- Research article
- Open Access
Plectranthus amboinicus essential oil and carvacrol bioactive against planktonic and biofilm of oxacillin- and vancomycin-resistant Staphylococcus aureus
BMC Complementary and Alternative Medicine volume 17, Article number: 462 (2017)
The emergence of multidrug-resistant bacteria is a worldwide concern and in order to find an alternative to this problem, the occurrence of antimicrobial compounds in Plectranthus amboinicus essential oil was investigated. Thus, this study aims to determine susceptibility of Staphylococcus aureus isolated from food to antibiotics, P. amboinicus essential oil (PAEO) and carvacrol.
Leaves and stem of P. amboinicus were used for extraction of essential oil (PAEO) by hydrodistillation technique and EO chemical analysis was performed by gas chromatography coupled to a mass spectrometer. S. aureus strains (n = 35) isolated from food and S. aureus ATCC 6538 were used to evaluate the antimicrobial and antibiofilm activity of PAEO and carvacrol. All strains (n = 35) were submitted to antimicrobial susceptibility profile by disk diffusion method. Determination of MIC and MBC was performed by microdilution technique and antibiofilm activity was determined by microtiter-plate technique with crystal violet assay and counting viable cells in Colony Forming Units (CFU).
Carvacrol (88.17%) was the major component in the PAEO. Antibiotic resistance was detected in 28 S. aureus strains (80%) and 12 strains (34.3%) were oxacillin and vancomycin-resistant (OVRSA). From the 28 resistant strains, 7 (25%) showed resistance plasmid of 12,000 bp. All strains (n = 35) were sensitive to PAEO and carvacrol, with inhibition zones ranging from 16 to 38 mm and 23 to 42 mm, respectively. The lowest MIC (0.25 mg mL−1) and MBC (0.5 mg mL−1) values were observed when carvacrol was used against OVRSA. When a 0.5 mg mL−1 concentration of PAEO and carvacrol was used, no viable cells were found on S. aureus biofilm.
The antibacterial effect of carvacrol and PAEO proves to be a possible alternative against planktonic forms and staphylococcal biofilm.
Staphylococcus aureus is a Gram-positive cocci often associated with gastroenteritis acquired from contaminated foods such as milk  and shrimp. The occurrence of multidrug-resistant bacteria in food is a worldwide concern , and S. aureus drug-resistant to beta-lactams has been isolated from dairy products  and shrimp .
Some factors act for selecting drug-resistant bacteria pathogens, such as inappropriate use of antibiotics, and/or the inadequate disposal of antimicrobial drugs in the environment [4, 5]. Thus, the inappropriate use of antibiotics in aquaculture [6, 7] and livestock  has contributed to the selection of resistant microbial species, and, consequently, increased food contamination level of animal origin and derivatives.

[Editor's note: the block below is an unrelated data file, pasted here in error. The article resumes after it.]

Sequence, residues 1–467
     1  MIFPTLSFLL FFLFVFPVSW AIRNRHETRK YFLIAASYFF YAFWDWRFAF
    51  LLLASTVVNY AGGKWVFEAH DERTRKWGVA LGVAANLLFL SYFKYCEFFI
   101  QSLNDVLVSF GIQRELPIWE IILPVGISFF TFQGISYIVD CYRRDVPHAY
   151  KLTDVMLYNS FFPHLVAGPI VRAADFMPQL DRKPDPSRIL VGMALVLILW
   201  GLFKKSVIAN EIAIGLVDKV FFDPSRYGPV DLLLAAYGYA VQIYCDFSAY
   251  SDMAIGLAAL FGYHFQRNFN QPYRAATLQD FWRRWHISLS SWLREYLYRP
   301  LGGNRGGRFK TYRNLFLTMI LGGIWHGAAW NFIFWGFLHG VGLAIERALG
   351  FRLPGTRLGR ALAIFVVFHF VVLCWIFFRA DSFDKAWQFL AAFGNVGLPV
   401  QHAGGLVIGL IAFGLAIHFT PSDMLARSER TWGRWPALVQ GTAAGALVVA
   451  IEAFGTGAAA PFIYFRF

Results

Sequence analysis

As an alternative to mitigate the occurrence of multidrug-resistant bacteria, the study of antimicrobial compounds in phanerogams has been proposed . In this context, the plants of genus Plectranthus - 3000 recognized species, spread along countries in Africa, South America, Asia and Australia – are widely recognized in folk and popular medicine, being employed in digestive treatments as well as in infectious, inflammatory and respiratory problems [10, 11]. Species of Plectrantus [12, 13], including P. amboinicus , has been studied due to its pharmacological properties in order to validate its popular use.
Bioactivity of P. amboinicus is related to the occurrence of 76 volatiles and 30 non-volatile compounds belonging to different classes of phytochemicals (monoterpenoids, diterpenoids, triterpenoids, sesquiterpenoids, phenolics, flavonoids, esters, alcohols and aldehydes) . Studies about the pharmacological activities of P. amboinicus are conducted from extracts or essential oil, i.e., complex volatile compounds, synthesized naturally in different plant parts during the process of secondary metabolism with great potential in the field of biomedicine . In this sense, P. amboinicus crude essential oils could be used as a tool for the developing novel and more efficacious antimicrobial agents against S. epidermidis and Candida species .
The susceptibility of methicillin-resistant S. aureus (MRSA) clinical isolates to extracts of P. amboinicus has been reported , however, studies about the action of this oil and its major component against planktonic and biofilm of drug-resistant S. aureus from food are still incipient.
Thus, this study aims to determine the susceptibility of drug-resistant S. aureus strains isolated from milk and shrimp to P. amboinicus essential oil (PAEO) and its major component - carvacrol.